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Yamaha joins the micromobility movement with the Tritown

02/08/2019
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If there’s one topic we never get tired of writing about here at EngineeringPro it’s micromobility. Simultaneously absurd and useful, micromobility solutions point to a radically different future in which automotive manufacturers offer a much broader array of products beyond the humble car. This week we saw what this future could look like for Yamaha, which unveiled its frankly bizarre, if rather fun looking, Tritown.
The Tritown represents Yamaha's first take on micromobility
(Image via Yamaha).

We were first given a glimpse of the Tritown at the 2017 Tokyo Motor Show where Yamaha revealed a concept version of the Tritown which incorporated the company’s Leaning Multi-Wheel Technology (LMT).

Now, given the significant amount of attention that Tritown has drawn from the automotive trade and general public since, it seems that Yamaha is eyeing full production.
The Tritown uses Yamaha's Leaning Multi-Wheel Technology to give it a motorcycle style ride
(Image via Yamaha).

According to Yamaha the Tritown will offer a motorcycle-like riding experience, with the leaning wheel mechanism connected to the two front wheel allowing riders to ‘lean-in’ to turns, much as they would do on a conventional motorcycle. Propulsion is provided via a built-in electric motor that draws power from a lithium-ion battery mounted on the frame. That power is transmitted to the ground via the single rear wheel.

This all sounds rather complicated and is if the Tritown would make for a difficult riding experience. But Yamaha claim the contrary, “controlling the Tritown is in fact very intuitive; it takes very little time to become accustomed to it. You first make sure the tilt-lock is engaged by the lever on the steering post being down, then grasp the handlebar grips and brake levers with both hands and step up on the footboards one foot at a time, so you are standing up naturally and straddling the machine. Then, once you disengage the tilt-lock, you will find yourself standing up straight and still with next to no wobbling of the machine. There is no need to force the handlebars to stay upright and in place nor overly focus on keeping balance – it is that intuitive.”
Yamaha first unveiled the Tritown concept at the 2017 Tokyo Motor Show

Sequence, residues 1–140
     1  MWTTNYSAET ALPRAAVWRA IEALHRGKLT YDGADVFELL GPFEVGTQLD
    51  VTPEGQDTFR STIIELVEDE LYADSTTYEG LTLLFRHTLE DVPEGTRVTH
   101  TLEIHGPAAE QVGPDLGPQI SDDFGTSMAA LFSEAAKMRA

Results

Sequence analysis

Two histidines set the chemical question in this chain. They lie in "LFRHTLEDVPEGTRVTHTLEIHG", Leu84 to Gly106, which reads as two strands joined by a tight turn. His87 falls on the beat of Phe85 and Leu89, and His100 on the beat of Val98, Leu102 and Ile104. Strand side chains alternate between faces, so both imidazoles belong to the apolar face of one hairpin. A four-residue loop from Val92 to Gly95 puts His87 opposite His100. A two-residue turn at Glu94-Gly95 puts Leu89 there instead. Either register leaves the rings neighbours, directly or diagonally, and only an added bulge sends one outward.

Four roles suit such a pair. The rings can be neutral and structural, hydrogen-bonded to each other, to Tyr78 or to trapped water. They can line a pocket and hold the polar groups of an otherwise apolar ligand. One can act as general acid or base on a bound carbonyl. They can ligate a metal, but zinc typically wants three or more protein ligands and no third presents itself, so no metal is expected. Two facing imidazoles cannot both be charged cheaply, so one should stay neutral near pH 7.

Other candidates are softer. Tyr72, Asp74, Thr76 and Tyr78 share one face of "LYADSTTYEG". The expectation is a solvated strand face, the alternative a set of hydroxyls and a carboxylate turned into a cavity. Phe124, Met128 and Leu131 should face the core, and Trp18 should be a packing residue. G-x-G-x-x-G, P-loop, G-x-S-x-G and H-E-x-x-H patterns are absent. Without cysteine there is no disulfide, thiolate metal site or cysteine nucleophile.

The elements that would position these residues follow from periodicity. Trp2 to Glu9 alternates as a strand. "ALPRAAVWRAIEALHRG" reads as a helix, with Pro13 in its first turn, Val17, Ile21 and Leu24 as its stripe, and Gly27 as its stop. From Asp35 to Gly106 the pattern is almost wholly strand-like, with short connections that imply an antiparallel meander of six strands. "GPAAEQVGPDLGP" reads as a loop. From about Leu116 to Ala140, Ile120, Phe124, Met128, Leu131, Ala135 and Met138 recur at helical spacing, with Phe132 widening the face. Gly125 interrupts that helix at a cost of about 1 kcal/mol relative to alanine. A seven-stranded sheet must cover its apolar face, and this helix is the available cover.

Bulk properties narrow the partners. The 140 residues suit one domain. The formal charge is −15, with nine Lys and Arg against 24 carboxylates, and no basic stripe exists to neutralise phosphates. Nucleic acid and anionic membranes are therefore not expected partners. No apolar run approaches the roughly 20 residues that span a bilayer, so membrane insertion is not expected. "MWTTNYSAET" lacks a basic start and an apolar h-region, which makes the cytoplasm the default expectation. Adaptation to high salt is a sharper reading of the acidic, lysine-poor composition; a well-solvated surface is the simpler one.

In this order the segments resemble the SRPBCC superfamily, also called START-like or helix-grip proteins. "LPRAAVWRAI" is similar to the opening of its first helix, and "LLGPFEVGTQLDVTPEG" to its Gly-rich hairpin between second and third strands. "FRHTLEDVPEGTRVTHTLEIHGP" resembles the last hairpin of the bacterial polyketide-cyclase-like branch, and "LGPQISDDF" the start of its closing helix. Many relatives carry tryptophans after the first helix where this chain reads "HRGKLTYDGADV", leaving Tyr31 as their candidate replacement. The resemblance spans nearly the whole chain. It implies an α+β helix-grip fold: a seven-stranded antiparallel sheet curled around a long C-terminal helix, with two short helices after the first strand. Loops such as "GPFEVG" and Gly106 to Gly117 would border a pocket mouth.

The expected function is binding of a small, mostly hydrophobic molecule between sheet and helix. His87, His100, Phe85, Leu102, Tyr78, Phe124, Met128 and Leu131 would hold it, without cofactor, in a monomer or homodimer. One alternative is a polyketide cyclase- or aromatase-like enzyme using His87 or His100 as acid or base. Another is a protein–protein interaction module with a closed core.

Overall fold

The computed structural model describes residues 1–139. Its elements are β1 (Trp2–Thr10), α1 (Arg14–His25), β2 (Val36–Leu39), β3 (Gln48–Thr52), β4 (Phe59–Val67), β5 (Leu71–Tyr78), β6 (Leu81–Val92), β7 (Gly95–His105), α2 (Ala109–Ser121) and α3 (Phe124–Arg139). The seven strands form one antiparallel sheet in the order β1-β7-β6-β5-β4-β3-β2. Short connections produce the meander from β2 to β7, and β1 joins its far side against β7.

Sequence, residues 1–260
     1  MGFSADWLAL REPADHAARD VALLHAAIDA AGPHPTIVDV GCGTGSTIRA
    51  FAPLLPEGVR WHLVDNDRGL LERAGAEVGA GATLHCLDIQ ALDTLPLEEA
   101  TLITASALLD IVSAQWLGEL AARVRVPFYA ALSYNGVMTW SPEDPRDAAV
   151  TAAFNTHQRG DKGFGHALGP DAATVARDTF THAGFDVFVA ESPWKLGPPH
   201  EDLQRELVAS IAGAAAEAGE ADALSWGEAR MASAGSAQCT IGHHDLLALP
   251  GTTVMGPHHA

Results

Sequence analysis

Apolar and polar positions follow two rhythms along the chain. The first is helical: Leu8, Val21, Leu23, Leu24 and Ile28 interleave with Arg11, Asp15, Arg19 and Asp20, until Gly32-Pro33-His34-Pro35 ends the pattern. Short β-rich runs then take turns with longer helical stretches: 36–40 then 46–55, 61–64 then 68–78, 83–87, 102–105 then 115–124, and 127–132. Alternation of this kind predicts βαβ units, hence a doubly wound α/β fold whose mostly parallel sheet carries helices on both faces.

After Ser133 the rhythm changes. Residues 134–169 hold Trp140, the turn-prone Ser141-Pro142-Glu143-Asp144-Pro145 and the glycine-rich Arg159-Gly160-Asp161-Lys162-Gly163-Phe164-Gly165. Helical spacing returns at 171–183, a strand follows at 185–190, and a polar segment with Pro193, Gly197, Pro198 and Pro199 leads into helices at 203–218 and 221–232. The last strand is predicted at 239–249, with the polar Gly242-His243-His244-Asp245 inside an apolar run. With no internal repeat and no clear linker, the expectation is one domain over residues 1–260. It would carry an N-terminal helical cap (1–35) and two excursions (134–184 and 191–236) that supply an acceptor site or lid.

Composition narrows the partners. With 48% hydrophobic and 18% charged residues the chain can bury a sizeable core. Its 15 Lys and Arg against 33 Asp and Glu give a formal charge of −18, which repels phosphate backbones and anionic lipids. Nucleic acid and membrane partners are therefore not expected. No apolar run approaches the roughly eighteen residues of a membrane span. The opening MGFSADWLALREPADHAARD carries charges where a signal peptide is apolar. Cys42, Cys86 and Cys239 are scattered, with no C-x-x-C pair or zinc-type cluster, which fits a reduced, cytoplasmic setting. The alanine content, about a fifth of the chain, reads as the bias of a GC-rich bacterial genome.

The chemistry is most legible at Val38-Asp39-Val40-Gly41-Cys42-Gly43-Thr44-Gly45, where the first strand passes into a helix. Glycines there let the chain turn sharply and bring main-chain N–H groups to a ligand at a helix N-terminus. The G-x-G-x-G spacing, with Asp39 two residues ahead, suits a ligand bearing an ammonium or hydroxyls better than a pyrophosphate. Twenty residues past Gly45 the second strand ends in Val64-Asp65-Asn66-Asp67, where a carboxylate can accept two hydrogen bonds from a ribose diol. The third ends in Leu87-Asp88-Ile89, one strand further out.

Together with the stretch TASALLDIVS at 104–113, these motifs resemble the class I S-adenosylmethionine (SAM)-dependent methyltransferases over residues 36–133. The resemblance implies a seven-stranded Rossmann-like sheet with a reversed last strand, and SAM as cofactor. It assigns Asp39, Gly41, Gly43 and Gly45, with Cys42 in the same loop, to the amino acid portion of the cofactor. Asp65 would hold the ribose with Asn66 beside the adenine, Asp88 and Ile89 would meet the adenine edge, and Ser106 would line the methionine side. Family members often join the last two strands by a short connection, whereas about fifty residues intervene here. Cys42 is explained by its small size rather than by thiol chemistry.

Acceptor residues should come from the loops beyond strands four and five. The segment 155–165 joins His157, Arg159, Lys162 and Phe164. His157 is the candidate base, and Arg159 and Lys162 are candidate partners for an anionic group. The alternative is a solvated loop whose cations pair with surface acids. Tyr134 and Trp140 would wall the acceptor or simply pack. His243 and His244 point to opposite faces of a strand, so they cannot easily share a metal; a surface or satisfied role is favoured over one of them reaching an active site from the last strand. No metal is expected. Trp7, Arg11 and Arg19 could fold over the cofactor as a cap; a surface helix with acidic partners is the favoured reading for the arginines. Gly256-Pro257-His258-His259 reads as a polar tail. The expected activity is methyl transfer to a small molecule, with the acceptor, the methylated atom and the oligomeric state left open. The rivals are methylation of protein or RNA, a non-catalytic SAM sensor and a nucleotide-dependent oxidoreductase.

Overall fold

(Image via Yamaha).

Well if you put it like that, I can’t wait to have a go!

But what’s the performance like? A recurring problem of these micromobility solutions is that they are either too slow to keep up with urban traffic (getting in the way of cyclists and causing general annoyance), or they have a ridiculously short range.

Does the Tritown solve these problems? Yamaha claim that it will be able to hit a decent 25 km/h so that’s the speed issue sorted. But what about range? No word from Yamaha as yet…
Yamaha is currently field testing the Tritown in Japan. If successful, we could soon see this unusual vehicle in production.
(Image via Yamaha).

Are you sold? Well if you fancy joining the burgeoning micromobility movement by purchase a Tritown you may have a while to wait. Yamaha is currently undertaking public testing of the Tritown, with field trials taking place from mid-July to mid-August at Echigo Hillside National Government Park in the city of Nagaoka in Niigata Prefecture in Japan.

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Tags: Automotive
Recent Comments
As a sports-car enthusiast, having owned Porsche, Jaguar and Corvette, and entered several rallies.. I must say I love those *microscopic* and *ventilated* DISC brakes on front.. Just enough to stop them at their advertised 50+ MPH speeds, and AFTER hitting a CAR or a TREE. If the idiotic battery goes dead, HOW DO YOU stop this gizmo?? Did you know that France (Paris) and other European cities are fining the users???
ANDRE GURSES, 07 August 2019
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Yamaha joins the micromobility movement with the Tritown - Time to read 3 min
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